How to Use a Crisis for Personal Growth
Like previous crises such as 9/11 or Sandy Hook, the current pandemic has forced people to wake up. We are experiencing the kind of collective fracture that obliges us to heal as a society. Mother Nature has put us in a global time-out so that we can take a good hard look at what we’ve done — to her and to ourselves.
But when the crisis ends, will you go back to your life as it was before?
Historically, this is often what happens when a crisis or tragedy abates. The public demonstrates its capacity to cooperate, overcome obstacles and prove its resilience. Acts of kindness and generosity are met with huge applause and circulated widely on social media. Once the crisis is averted, however, society returns to its former ways.
To make full use of this crisis for your transformation, you have to be willing to make lasting changes. Here are 7 lessons you can learn from this moment.
1. You Can Face Your Emotions.
Crises always bring up immense fears — around control, uncertainty, loss, and death — and that certainly has been the case with the coronavirus.
Take the opportunity to slow down and face your fears. Staying at home often forces you to undertake a form of shadow work; when you have nowhere to go, you realize that you can’t escape yourself. That’s when you go within.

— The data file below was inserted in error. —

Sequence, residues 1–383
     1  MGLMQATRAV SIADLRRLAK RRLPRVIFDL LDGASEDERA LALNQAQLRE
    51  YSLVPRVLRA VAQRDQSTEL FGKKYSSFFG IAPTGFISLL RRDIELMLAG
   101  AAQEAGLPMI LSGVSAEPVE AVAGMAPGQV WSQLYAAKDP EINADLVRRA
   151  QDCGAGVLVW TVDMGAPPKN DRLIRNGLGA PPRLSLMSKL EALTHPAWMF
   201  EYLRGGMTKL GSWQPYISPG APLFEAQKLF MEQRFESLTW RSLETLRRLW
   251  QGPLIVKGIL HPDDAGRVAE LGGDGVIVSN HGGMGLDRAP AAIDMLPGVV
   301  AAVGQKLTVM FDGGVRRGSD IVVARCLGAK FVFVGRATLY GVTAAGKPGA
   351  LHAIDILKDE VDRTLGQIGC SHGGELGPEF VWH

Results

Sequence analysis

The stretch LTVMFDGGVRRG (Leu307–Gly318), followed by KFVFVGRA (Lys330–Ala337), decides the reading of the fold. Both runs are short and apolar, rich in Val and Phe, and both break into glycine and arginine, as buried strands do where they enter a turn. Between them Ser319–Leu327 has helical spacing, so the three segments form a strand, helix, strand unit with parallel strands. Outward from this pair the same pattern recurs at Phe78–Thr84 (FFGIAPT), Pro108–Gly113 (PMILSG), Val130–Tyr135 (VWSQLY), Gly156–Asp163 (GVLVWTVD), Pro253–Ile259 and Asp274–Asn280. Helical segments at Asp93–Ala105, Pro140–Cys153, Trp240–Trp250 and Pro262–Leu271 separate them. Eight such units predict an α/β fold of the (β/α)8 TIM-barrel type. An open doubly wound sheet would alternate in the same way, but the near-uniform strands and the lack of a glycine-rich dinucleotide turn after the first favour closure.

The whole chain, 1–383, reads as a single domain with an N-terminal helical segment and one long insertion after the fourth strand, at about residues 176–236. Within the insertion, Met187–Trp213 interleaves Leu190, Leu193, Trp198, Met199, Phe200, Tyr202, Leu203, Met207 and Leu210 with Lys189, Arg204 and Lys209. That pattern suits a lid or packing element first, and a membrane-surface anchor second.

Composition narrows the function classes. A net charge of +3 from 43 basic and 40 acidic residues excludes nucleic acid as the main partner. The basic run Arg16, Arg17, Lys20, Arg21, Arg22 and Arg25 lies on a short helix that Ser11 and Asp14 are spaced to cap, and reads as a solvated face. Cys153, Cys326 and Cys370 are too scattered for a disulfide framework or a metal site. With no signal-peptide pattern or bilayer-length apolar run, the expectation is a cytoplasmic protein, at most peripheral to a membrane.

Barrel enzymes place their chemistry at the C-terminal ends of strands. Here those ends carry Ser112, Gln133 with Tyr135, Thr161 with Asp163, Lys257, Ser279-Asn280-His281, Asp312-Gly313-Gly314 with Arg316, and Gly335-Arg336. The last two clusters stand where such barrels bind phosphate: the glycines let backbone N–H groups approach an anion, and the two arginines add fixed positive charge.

Don’t turn away or numb the emotions you are experiencing. Do you find yourself feeling lonely, depressed, anxious, or, on the contrary, reflective, quiet, and content with solitude? All of them are valid.
Some of these emotions might be around your health and physical safety. Others might be focused on issues of money and food. Some of them might be about isolation. You might even find yourself feeling anxious or awkward about wearing a mask in public. You may be feeling uncertainty about whether you’re doing enough or too much to protect yourself.
Each of your emotions is connected to a belief or set of beliefs about yourself and the world. You might find yourself worrying about money and realize that you believe that “there’s not enough to go around.” Look for the beliefs underpinning your emotions.